Dec. 15, 2016

by Tim Zagar and Jani Valjavec

The current popularity of initial coin offerings, a common fundraising method for virtual currency and blockchain-related funding campaigns, is understandable, since they look too good to be true. Last month, we reviewed the process for raising funds with an ICO. But will the popularity last?

For the entrepreneur, an ICO is the easiest way to raise funds. It does not matter who you are, where you are, what race, or how old you are. If you have a good idea and can present it well, you will get the attention of investors worldwide.

Blockchain technology coupled with an ICO allows total scalability, so it is all the same regardless of whether you get 10 or 10,000 investors. You can pitch it to decentralized, small and big investors worldwide. With thousands of people chipping in a few hundred dollars' worth of cryptocurrencies, no one really bothers to "look under the hood" as much as someone investing millions of dollars in a venture capital fund.

ICOs are hot now

For investors, ICOs present the hottest speculation opportunity around right now. Early ICOs consistently produced 10 times ROI in mere months, so what could be sweeter? It is not just gambling, though. Before the ICO era, investing in disruptive technologies in the very early stages was not possible. Facebook, Android, Uber – those are the big stories where it was impossible to invest during the early stages of development.

It was either technically not possible or reserved for "big investors" only, who in turn, reaped all the profits. Now everyone can become a venture capitalist, without any of the hassle and capital requirements.

With technologically revolutionary ideas that promise the disruption of the biggest platform players, it will certainly be an interesting ride.

The euphoria cannot last

When something looks too good to be true, it probably is. The euphoria cannot last forever – projects will soon start failing and investors will be getting severely burnt. Once this happens, the first standards for the due diligence reviewing of ICOs will emerge.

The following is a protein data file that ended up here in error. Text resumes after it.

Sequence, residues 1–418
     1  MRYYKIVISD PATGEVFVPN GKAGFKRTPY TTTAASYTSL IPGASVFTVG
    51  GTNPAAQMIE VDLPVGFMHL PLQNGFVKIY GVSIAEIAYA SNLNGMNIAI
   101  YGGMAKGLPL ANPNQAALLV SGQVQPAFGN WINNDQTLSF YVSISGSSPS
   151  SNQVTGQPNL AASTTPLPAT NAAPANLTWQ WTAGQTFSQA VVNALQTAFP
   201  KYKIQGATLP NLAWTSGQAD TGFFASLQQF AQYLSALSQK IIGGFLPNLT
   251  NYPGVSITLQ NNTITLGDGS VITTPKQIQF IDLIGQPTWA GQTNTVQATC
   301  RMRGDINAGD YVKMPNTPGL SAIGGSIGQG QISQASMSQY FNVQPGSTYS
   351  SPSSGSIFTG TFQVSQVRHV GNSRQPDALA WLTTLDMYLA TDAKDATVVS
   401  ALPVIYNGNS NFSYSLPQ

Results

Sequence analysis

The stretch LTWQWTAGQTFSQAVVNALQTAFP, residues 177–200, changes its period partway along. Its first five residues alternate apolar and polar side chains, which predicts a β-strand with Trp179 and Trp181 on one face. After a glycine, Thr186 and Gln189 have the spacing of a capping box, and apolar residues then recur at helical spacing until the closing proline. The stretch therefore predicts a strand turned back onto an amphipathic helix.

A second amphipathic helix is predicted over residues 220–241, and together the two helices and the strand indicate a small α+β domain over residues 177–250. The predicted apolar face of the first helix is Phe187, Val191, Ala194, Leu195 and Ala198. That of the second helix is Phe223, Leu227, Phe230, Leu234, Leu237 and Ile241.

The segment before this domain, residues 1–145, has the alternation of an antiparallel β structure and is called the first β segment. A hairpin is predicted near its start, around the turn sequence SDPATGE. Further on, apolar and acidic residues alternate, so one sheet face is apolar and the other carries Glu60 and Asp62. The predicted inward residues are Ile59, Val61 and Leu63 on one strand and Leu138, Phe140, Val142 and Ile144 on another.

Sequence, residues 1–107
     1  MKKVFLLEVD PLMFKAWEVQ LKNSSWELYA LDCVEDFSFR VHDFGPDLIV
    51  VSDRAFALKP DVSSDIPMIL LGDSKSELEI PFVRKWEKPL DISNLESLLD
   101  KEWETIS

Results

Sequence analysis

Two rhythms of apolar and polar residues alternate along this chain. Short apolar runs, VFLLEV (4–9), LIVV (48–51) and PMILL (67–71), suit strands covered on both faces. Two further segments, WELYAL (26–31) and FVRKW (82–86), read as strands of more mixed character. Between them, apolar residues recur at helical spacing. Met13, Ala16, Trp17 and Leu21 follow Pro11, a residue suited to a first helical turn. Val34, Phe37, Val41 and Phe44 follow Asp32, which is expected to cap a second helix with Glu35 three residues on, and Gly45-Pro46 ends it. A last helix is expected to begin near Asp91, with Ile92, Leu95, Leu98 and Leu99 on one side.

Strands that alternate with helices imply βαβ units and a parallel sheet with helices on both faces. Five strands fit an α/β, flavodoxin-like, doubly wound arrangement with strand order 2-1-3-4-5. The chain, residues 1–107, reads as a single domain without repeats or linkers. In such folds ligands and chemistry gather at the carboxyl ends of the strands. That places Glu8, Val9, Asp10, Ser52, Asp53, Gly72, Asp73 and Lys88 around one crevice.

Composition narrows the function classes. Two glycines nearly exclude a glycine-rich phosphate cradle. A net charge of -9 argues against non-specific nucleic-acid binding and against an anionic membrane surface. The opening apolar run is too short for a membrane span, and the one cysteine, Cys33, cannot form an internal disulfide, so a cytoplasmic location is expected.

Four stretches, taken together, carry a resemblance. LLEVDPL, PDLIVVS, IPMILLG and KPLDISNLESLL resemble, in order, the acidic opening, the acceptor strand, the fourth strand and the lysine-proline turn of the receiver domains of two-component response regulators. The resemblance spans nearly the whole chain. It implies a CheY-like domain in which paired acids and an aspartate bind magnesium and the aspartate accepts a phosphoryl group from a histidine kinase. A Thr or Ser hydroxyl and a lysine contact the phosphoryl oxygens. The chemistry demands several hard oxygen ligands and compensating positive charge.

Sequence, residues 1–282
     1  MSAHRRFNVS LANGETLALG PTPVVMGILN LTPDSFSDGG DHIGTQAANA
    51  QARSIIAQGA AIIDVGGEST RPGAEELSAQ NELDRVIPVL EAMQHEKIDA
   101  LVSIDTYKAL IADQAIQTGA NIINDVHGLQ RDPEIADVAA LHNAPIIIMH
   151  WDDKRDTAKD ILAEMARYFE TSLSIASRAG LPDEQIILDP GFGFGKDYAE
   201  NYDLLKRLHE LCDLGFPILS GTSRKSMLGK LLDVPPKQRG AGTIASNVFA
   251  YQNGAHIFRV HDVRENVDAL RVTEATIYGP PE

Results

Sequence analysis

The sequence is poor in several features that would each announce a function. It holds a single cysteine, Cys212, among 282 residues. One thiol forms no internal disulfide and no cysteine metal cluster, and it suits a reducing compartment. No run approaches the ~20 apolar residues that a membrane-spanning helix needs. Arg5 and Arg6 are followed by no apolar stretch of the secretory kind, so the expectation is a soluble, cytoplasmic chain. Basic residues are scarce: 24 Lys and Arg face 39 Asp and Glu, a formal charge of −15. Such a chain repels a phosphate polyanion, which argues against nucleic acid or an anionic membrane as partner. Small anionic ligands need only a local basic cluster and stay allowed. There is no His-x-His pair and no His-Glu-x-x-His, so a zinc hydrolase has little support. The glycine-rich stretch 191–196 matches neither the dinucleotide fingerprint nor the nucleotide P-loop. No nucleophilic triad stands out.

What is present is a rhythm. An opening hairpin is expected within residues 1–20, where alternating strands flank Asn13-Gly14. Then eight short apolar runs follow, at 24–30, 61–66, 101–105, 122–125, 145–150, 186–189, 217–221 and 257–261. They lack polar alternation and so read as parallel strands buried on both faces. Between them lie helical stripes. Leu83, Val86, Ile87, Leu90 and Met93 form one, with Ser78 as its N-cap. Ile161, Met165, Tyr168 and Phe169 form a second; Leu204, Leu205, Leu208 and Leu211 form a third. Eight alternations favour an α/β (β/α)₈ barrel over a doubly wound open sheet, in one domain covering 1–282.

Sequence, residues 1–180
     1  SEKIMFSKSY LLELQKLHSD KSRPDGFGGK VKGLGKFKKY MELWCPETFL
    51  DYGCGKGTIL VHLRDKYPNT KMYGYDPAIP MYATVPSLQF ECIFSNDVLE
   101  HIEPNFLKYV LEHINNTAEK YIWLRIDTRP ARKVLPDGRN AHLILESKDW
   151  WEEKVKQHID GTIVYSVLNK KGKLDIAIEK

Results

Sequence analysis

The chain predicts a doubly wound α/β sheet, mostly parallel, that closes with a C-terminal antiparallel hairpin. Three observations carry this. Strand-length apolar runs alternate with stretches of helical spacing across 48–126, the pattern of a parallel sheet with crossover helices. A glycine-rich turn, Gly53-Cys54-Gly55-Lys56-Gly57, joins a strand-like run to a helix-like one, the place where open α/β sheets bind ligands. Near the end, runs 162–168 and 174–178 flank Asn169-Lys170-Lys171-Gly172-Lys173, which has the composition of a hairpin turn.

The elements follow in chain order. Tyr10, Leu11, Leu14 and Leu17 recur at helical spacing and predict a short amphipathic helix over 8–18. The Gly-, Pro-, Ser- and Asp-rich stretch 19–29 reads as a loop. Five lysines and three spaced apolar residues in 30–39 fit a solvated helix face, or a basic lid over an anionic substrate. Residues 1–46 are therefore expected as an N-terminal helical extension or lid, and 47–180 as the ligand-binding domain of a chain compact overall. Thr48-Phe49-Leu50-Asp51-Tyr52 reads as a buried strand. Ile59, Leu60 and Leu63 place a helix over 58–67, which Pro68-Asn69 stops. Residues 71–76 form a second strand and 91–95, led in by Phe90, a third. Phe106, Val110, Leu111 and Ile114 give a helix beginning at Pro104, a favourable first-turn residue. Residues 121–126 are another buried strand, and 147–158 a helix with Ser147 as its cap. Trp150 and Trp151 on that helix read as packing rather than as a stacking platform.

At Iconomi, we are already working in this direction. In order to pick the most promising ICOs for our investment fund, we need to do meticulous ICO assessments. We are developing guidelines for the development of the ICO 2.0, which will need to include something that ICOs so far have rarely produced – a higher level of transparency, a clear business proposition, a sound business plan, regulatory compliance and better control mechanisms for investors.

Nevertheless, cryptocurrencies and app tokens are in their infancy with the total crypto market cap around $13 billion, up from last year’s $6 billion, and $5 billion in 2014.

Cryptocurrency investors understand that we are at the beginning of blockchain technology going mainstream, and any "bet" in the form of an ICO that sounds good could be the golden ticket.

Are ICOs regulated?

Are there regulations that apply to ICOs?

This topic has been the subject of much debate recently because it is such a complex matter and is therefore impossible to answer in a sentence or two. As national borders are being "breached" in a plethora of new ways, jurists are caught somewhat struggling with the legislation of ICOs, which really are a wonderful basket of a lot of different ingredients.

In law, there are generally different principles and collision rules used to determine jurisdiction, but even those can lead to conflicting results (it is not unusual that several jurisdictions are competent at the same time).

The first step in discovering which regulations apply to a certain ICO is to determine which jurisdiction(s) apply. If we are lucky, the jurisdiction will be determined in the legal document that is the basis for the ICO (which of course doesn't exclude other states from claiming their jurisdiction).

After we have determined which jurisdiction(s) apply, we have to familiarize ourselves with all the pertinent legislation of that jurisdiction (for example: tax legislation, crowdfunding legislation, commercial code, penal code, etc.).

Unfortunately, no country has yet instituted ICO-dedicated legislation, so we have to employ various methods of judicial interpretation in order to arrive at a useful conclusion.

 

Jani Valjavec (left) and Tim Zagar (right) are cofounders 
of Iconomi, a Slovenia-based fund management platform 
for blockchains and virtual currencies.

 

 

 

 

 

 


Topics: Cryptocurrency, Venture Capital


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